It is important to let the plant mature enough to tolerate your trimming. Allow your peas to grow to at least one foot tall, because you only want to clip greens from a healthy, vigorous growing pea for the most tender and best-flavored greens. Depending on the weather and when you plant, the best pea greens can be harvested in the NYC area somewhere between April 30 and May 30. Of course, you can keep harvesting those greens as long as they are tender, no matter the date.

Edible pea flowers are either white or purple.

Give yourself a taste of those pea greens in the garden. If the tendrils are tough in the field, they won't get any better in the kitchen. Where the tendrils might be tough, the leaves and thicker stems may still be tender, or may soften under the influence of the saute pan. Experiment! I've found that semi-tender tendrils may toughen a bit with gentle cooking, and it is helpful to cut them smaller than the rest of the greens. I've read, too, that storage in the fridge for more than three days can toughen up pea greens, although I have not waited long enough to discover this myself.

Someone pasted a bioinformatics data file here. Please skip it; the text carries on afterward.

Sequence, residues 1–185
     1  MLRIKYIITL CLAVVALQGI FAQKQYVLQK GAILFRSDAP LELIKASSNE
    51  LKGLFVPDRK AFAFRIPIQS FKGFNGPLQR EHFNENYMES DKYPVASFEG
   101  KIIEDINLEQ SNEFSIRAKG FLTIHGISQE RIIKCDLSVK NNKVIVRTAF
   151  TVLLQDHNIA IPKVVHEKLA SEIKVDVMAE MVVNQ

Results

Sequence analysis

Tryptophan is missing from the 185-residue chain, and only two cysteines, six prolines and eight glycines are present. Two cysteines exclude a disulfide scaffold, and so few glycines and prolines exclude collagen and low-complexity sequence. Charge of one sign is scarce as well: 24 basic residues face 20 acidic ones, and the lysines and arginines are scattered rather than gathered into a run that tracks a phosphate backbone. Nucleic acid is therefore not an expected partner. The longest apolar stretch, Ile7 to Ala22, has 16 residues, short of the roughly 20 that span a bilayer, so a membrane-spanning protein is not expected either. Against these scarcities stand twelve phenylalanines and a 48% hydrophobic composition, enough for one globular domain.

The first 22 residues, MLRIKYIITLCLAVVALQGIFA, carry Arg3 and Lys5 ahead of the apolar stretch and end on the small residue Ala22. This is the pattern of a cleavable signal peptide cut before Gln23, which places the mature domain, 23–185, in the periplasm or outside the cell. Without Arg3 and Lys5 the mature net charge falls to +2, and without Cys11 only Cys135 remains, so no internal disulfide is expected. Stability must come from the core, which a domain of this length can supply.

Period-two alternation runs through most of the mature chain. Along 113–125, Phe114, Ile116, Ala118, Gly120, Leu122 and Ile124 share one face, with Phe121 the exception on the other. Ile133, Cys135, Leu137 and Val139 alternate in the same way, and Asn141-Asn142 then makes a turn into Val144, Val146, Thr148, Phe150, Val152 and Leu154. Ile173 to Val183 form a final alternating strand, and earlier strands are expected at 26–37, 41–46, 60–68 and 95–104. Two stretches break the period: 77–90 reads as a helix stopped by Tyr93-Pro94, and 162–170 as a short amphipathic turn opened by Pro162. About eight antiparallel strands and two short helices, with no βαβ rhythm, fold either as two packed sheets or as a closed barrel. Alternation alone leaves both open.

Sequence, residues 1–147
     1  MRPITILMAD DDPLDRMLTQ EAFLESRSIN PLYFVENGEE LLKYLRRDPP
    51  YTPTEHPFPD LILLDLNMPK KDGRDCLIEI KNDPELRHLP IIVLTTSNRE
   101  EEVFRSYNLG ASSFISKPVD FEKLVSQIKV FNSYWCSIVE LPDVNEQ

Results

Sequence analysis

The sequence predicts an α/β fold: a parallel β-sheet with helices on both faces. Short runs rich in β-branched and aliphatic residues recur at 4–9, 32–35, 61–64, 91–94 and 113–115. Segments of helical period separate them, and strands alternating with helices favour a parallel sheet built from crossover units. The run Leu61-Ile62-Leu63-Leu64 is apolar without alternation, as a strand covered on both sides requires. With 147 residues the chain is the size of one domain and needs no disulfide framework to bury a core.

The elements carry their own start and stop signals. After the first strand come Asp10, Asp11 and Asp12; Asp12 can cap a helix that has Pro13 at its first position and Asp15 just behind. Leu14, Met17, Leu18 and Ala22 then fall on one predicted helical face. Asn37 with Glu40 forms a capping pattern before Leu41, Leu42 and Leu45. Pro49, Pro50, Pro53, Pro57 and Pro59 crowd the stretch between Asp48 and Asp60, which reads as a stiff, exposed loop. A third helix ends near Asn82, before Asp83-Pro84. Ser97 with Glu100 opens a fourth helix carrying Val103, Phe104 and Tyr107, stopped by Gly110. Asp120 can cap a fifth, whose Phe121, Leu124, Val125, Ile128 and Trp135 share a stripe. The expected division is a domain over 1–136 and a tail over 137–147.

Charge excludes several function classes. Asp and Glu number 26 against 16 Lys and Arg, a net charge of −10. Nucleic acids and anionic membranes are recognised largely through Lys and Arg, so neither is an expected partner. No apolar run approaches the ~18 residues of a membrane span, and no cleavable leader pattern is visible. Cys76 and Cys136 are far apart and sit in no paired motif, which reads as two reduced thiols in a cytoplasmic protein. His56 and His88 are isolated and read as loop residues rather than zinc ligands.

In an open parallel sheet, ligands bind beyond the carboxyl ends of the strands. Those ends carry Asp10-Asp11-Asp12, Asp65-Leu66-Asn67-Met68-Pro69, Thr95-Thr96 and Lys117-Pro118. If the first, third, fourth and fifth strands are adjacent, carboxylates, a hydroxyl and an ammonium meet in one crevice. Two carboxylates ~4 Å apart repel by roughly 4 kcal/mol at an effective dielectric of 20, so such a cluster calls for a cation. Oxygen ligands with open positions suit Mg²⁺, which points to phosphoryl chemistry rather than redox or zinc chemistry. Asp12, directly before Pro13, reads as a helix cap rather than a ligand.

Growing Conditions for snap and snow peas:

  • Any well-drained soil will do.
  • Work in compost.
  • Six hours of sunlight
  • In the NYC area, watch the weather and plant anywhere from March 10th - April 10th.
  • Soak seeds overnight and plant directly in prepared bed according to seed packet directions.
  • Mulch with straw to preserve moisture if necessary.
  • Spring rains are usually enough water until May, always water regularly during dry spells.
  • Ideal growing temperatures are 50 - 65 degrees F.
  • Add stakes or netting for peas to climb.
  • Once a foot tall, you can fertilize with just a little 5-10-10 -if any at all.
  • Watch for slugs.
  • Watch for aphids in fall growing season or early summer.

If you do not have access to a community garden, yard or container garden, you can raise pea sprouts on your windowsill. I have only tried this in spring, but I do suspect fall is a good time as well. Summer may be too hot and humid and winter too dry and dark on the windowsill, but why not try in every season?